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What influences prescribing decisions in a multimorbidity and polypharmacy context on the acute medical unit? An interprofessional, qualitative study
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  • Peter Rivers,
  • Nigel Langford,
  • Andrew Whitehead,
  • Tim Harrison
Peter Rivers
De Montfort University - City Campus
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Nigel Langford
University Hospitals of Leicester NHS Trust
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Andrew Whitehead
Buckinghamshire Healthcare NHS Trust
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Tim Harrison
De Montfort University - City Campus
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Abstract

ABSTRACT Rationale, aims and objectives The primary aim of the study was to understand the mindset of doctors and pharmacists, as they embark upon prescribing in a polypharmacy and multi-morbidity context during routine practice at a hospital acute admissions unit. The study also aimed to evaluate to what extent attitudes, embedded within real-life decision-making scenarios, relate to existing theory and models of prescribing decisions. Methods Anonymised case studies were identified from the medical notes of patients aged 65 and over with conditions likely to be associated with multi-morbidity, medication issues and polypharmacy: namely: fall, urinary tract infection, confusion or lower respiratory tract infection. A total of 39 doctors based on the acute medical admissions unit and 9 pharmacists were recruited to one of three focus groups. Patient case-studies provided the context for discussion from which verbatim transcripts were thematically analysed using an interpretative, qualitative approach. Sub-themes were matched to Murshid and Mohaidin’s proposed model of physician prescribing decisions. Results Seven principal themes were identified that were associated with prescribing decisions on the acute medical unit, namely, ‘patient characteristics’, ‘drug characteristics’, ‘pharmacist factors’, ‘trustworthiness’, ’reliability of medication history, ‘competing pressures and priorities’ and ‘responsibilities of prescribers’. Conclusion Prescribing decisions on the acute medical admissions unit were influenced by a variety of factors, some of which have already been acknowledged within existing theories and models. The findings provisionally offer new insights, which, subject to confirmation by further research, bring to light three attitudinal characteristics that may impact negatively upon the quality of prescribing decisions. These include, first, how perceived poor reliability of medication history may result in information gaps that compromise prescribing decisions; second, how competing pressures and priorities restrict doctors’ aptitude to conduct a review of medication and finally, how doctors may rationalise the assignment of medication review to the GP.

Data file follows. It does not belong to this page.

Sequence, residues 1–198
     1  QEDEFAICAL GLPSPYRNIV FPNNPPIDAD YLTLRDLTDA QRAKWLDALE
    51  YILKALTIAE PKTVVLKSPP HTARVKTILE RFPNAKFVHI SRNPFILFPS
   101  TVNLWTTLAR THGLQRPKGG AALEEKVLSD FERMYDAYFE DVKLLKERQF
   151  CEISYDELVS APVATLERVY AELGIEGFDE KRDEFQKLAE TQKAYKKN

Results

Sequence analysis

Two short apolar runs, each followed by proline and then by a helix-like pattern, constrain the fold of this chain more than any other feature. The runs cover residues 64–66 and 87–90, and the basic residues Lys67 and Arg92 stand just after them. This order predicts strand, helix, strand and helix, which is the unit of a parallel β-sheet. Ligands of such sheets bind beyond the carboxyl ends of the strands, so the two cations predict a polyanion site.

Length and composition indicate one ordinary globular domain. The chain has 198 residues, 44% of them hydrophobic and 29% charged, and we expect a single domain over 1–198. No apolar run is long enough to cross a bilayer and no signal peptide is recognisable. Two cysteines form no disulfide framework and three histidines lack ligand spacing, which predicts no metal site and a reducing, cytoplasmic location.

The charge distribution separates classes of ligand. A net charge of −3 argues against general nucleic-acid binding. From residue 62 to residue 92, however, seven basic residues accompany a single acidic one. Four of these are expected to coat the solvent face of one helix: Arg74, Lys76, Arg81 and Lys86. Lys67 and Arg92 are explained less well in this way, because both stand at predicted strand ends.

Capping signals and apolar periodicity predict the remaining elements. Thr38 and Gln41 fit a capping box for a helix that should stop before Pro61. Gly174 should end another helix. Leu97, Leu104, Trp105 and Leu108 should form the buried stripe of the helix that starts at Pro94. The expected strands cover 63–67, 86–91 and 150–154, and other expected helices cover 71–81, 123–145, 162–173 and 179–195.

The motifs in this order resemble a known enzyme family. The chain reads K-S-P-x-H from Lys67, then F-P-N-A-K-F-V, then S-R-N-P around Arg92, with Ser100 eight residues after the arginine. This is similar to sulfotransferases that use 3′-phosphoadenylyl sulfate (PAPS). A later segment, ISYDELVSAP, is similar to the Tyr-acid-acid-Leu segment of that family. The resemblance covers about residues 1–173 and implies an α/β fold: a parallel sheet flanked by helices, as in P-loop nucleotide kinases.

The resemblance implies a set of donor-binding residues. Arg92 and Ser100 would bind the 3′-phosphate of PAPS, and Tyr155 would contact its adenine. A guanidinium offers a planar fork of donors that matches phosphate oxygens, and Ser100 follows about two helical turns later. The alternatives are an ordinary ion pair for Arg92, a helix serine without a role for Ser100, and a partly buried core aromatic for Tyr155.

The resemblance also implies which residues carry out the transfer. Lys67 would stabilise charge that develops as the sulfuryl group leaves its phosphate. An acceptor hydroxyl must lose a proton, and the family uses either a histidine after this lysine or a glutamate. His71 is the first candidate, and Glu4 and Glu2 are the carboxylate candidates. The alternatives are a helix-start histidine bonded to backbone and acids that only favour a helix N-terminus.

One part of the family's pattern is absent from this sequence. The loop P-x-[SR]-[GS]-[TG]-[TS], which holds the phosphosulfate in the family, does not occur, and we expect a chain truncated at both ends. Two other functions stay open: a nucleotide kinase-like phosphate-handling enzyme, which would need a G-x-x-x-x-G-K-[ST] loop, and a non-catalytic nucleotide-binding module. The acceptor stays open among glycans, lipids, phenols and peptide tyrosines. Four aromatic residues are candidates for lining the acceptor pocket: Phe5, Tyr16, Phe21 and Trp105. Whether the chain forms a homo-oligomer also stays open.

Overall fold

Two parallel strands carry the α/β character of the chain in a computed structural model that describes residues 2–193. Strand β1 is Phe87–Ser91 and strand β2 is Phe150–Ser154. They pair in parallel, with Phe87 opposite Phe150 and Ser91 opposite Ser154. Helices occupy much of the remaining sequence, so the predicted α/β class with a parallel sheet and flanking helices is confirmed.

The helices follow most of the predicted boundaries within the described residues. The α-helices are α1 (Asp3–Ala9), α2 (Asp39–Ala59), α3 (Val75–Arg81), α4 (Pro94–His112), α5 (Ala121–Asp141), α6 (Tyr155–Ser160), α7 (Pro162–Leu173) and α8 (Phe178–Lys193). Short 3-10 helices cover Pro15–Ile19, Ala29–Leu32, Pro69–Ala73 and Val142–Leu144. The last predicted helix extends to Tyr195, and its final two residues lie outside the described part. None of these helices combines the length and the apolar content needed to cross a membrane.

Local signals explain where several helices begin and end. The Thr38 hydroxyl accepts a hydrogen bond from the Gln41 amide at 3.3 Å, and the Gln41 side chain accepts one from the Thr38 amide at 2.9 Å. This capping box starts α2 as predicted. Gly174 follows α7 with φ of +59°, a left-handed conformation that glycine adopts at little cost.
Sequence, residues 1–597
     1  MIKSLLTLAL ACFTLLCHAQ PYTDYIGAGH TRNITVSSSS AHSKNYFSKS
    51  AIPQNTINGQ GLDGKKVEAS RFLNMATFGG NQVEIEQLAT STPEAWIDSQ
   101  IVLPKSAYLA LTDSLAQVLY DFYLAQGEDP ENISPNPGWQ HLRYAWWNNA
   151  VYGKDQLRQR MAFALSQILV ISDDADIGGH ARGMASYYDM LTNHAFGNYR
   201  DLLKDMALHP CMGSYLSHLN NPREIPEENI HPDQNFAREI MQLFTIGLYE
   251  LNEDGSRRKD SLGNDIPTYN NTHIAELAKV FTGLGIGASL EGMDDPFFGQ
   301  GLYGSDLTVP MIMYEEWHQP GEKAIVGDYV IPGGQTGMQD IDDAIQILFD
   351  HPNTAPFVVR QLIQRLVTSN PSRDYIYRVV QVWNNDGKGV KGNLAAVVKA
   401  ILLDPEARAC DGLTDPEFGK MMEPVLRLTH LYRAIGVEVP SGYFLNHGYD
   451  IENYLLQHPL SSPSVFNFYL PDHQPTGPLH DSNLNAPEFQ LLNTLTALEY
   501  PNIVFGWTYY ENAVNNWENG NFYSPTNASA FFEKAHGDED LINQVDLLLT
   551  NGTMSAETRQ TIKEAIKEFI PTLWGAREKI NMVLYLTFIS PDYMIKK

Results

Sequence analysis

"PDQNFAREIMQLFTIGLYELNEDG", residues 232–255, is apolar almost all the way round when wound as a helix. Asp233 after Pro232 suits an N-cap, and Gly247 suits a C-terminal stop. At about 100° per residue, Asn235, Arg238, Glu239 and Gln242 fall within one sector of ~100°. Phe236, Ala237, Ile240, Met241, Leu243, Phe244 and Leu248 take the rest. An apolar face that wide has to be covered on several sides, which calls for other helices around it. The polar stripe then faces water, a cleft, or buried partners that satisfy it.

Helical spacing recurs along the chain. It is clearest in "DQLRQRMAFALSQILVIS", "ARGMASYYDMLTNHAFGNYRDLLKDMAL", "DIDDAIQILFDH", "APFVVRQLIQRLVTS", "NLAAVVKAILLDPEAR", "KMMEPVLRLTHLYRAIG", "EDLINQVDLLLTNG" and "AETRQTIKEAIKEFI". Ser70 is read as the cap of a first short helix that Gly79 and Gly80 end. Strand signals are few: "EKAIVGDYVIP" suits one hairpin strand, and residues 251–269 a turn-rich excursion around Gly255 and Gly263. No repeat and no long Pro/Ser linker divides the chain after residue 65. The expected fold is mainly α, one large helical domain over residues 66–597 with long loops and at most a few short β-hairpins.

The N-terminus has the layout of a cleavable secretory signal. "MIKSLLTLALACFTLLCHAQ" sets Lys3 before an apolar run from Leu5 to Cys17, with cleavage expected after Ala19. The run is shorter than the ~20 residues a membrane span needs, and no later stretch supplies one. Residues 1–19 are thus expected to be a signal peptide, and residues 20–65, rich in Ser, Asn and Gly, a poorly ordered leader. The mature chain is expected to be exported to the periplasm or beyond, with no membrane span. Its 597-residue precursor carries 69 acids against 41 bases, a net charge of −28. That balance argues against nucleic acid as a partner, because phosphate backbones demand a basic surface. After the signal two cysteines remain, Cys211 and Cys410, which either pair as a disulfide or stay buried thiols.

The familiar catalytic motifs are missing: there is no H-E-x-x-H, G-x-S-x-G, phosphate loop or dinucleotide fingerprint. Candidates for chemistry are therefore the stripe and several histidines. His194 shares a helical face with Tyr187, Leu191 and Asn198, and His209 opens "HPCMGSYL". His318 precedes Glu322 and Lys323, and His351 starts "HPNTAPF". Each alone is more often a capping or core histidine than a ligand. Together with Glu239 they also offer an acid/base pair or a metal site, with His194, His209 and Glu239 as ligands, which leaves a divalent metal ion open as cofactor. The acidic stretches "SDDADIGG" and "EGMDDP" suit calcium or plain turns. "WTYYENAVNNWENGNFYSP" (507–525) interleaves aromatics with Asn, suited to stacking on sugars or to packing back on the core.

Peer review status:IN REVISION

27 Jul 2020Submitted to Journal of Evaluation in Clinical Practice
28 Jul 2020Assigned to Editor
28 Jul 2020Submission Checks Completed
30 Jul 2020Reviewer(s) Assigned
18 Sep 2020Review(s) Completed, Editorial Evaluation Pending
18 Sep 2020Editorial Decision: Revise Major